“Candleshoe” was the second film in Disney’s deal with child actress Jodie Foster, who plays teen orphan Casey, running amok in the streets of urban Los Angeles until she’s literally purchased from her unfeeling foster parents by an English con man, Bundage. Bundage recognizes an opportunity to pass Casey off as the missing granddaughter of Lady St. Edmund (Helen Hayes), mistress of the English countryside estate of Candleshoe. Bundage’s motivation is the promise of an ancestral treasure buried somewhere on the grounds, and he grooms Casey to take in the old lady and root out the storied chest of Spanish doubloons. Quite a different plot from Jodie Foster’s movie from next year, 1978, “Taxi Driver”. The score was written by Ron Goodwin and released by Intrada this year.
The perfume of the age when the music was recorded is obvious from the “Main titles”. There’s that joyful fanfare sound that represented a hopeful period in movies and film music. The orchestra seems to be having a lot of fun and there’s also that brass section which makes me think of a sunny adventure. I could see these main titles also working as a theme song for a cop show from the 70s. There’s a disco vibe in there that gets quite addictive.
It’s hard to connect with a lot of the cues because they feel more like inserts. A lot of them clock at under one minute and don’t really have time to develop. I like a sweet optimistic melody like “Casey arrives in London”. A lot of the music of “Candleshoe” is children’s adventure material with bursts of emotions every now and then. I like these pieces with their flutes and innocence.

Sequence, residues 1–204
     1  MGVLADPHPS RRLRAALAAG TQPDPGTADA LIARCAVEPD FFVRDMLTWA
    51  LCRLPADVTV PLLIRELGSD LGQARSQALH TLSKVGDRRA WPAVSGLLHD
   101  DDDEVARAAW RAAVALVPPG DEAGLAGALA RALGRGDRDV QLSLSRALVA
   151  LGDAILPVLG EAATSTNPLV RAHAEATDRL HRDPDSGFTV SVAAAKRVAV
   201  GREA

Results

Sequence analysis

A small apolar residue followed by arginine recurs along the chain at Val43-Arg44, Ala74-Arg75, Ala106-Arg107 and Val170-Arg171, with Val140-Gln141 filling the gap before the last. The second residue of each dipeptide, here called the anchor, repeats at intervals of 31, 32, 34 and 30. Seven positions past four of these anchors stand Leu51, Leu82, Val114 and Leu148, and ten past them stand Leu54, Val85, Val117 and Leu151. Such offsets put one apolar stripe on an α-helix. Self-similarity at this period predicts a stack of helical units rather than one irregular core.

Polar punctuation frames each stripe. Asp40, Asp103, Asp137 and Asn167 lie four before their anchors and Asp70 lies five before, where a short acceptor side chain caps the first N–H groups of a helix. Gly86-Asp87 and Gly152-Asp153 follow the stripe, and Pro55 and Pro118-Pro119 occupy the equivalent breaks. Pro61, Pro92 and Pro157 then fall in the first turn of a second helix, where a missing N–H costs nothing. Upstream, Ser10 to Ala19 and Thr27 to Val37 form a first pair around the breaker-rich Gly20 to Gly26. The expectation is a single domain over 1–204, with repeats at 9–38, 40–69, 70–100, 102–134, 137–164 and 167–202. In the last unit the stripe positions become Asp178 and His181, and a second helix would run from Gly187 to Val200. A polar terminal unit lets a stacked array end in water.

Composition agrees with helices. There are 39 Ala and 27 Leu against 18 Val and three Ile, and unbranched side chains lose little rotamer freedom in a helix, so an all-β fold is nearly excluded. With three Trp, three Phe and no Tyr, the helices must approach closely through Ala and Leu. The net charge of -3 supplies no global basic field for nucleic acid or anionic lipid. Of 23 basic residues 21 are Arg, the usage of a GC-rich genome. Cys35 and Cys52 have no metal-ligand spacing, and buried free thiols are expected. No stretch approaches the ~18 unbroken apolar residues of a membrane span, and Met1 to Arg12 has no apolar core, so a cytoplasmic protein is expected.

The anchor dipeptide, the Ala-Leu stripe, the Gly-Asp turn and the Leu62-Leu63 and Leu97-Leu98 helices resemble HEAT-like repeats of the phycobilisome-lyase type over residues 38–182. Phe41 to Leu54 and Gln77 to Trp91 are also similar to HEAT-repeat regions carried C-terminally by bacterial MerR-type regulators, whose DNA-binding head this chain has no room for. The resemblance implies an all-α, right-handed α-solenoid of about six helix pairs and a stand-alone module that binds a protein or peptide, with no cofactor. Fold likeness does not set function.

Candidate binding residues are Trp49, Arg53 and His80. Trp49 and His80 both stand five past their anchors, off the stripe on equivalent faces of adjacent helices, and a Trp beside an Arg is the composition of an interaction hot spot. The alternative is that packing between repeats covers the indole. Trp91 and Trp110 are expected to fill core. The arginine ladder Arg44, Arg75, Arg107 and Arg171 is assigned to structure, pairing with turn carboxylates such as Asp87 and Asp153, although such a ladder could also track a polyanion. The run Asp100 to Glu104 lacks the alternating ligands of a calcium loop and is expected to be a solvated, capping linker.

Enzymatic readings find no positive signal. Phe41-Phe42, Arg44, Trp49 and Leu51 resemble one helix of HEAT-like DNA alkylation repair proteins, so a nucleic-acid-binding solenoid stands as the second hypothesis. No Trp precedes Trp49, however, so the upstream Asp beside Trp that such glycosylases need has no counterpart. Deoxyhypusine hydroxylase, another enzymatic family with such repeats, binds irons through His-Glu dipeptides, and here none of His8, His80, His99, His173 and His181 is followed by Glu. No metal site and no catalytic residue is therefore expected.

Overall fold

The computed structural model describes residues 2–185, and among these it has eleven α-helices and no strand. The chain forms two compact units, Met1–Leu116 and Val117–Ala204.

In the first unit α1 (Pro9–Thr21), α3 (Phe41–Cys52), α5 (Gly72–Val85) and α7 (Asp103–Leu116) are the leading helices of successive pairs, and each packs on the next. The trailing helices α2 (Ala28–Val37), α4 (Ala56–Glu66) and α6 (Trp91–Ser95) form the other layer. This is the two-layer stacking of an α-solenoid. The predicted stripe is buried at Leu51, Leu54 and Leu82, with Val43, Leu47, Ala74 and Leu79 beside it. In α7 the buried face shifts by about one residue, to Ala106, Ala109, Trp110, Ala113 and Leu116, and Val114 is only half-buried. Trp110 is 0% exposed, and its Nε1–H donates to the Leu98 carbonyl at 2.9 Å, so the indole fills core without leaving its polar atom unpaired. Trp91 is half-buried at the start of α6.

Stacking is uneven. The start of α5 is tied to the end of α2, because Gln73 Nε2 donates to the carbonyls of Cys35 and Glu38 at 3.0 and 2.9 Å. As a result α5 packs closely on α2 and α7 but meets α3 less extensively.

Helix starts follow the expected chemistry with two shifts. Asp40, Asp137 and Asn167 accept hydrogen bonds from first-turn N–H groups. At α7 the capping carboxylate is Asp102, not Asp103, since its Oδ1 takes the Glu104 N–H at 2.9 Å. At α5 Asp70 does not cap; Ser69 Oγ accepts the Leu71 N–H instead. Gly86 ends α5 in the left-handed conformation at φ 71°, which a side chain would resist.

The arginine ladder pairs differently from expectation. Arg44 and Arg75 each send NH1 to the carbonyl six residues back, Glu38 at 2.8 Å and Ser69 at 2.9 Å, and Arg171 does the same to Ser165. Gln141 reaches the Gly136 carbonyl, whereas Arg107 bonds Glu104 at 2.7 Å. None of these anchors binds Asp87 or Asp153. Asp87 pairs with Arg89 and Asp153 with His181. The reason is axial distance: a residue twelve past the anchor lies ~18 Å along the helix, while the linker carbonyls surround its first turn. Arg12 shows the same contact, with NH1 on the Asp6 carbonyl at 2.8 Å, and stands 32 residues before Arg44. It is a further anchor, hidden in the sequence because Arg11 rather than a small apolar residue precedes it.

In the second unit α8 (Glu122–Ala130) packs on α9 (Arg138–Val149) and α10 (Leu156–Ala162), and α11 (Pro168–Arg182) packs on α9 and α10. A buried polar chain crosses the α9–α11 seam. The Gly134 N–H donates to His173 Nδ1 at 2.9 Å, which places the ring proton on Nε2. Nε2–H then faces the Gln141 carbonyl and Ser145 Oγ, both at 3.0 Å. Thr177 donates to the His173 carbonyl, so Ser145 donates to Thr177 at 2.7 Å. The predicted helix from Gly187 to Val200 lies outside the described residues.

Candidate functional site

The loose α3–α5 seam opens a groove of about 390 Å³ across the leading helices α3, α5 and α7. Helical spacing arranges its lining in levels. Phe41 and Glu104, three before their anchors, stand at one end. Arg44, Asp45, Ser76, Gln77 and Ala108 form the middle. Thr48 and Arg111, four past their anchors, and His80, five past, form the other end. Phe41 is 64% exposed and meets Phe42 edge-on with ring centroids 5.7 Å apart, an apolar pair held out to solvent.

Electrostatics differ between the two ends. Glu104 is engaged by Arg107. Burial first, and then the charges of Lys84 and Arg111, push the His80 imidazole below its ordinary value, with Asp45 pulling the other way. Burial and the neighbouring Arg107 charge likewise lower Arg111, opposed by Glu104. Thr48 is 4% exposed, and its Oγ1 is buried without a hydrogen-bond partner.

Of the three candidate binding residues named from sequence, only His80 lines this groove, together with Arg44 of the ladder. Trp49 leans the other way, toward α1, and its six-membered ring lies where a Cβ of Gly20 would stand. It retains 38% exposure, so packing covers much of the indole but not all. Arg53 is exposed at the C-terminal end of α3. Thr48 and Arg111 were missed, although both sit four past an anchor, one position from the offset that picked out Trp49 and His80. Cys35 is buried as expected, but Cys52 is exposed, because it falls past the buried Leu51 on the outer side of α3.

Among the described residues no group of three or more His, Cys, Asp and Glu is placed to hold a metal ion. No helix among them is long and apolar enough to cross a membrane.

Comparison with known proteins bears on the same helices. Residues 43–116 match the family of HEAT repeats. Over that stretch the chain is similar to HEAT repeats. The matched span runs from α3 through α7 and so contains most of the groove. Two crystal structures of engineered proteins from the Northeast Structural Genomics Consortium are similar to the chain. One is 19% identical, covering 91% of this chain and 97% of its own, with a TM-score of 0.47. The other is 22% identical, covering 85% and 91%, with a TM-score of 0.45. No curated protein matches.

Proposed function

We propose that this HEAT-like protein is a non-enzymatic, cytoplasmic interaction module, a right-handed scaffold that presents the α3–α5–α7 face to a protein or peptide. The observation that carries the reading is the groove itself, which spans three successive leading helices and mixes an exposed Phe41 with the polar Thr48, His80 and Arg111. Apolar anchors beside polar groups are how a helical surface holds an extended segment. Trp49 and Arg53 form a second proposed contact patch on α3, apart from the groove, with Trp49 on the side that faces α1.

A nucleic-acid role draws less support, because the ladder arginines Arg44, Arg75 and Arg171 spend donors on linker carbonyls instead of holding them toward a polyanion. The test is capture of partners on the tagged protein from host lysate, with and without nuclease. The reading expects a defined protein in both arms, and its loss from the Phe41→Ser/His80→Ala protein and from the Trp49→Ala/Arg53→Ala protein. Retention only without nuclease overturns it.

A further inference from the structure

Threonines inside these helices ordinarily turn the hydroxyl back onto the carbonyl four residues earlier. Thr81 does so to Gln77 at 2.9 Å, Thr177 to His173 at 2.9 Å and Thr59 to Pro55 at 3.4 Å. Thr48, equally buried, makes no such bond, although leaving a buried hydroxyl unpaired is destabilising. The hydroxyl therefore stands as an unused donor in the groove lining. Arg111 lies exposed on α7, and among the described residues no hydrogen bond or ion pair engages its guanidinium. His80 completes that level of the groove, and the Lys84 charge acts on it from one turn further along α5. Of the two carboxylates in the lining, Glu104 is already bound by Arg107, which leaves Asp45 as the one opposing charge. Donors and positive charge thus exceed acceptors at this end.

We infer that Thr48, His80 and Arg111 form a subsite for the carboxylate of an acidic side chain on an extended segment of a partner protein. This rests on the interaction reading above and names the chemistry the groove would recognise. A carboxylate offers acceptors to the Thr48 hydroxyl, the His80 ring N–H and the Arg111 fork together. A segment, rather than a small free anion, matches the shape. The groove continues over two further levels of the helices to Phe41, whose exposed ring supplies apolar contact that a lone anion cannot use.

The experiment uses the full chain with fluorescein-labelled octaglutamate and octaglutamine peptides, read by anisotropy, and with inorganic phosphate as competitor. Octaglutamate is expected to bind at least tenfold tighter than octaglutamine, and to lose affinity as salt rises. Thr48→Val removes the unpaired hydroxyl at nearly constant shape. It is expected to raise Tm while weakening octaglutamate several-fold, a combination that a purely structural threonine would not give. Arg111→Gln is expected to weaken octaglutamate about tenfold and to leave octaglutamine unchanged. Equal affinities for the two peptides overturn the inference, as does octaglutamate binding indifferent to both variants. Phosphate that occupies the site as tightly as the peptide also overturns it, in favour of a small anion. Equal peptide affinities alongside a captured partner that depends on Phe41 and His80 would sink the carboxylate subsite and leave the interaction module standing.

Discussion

The music of Ron Goodwin is quite nice even if it doesn’t have anything special. It’s a sound I’ve heard many times before and it gives me the feeling of a Saturday morning as a child. The composer introduces some dramatic moments as well to balance the feel good adventure sound that dominates the score.
It’s nice to get a release like this from time to time because it provides a break from today’s film music. A score like this is the equivalent of just blocking out the worries and the outside world and just watching your small child play. The appeal of “Candleshoe” lies there. If I were to highlight one cue it would be the exciting “The big fight at Candleshoe” which is completely different as level of action and exuberance from anything else the score had to offer.
Cue rating: 79 / 100
Total minutes of excellence:8 / 47
Album excellence: 17%
The big fight at Candleshoe
Market Day (Take 2)**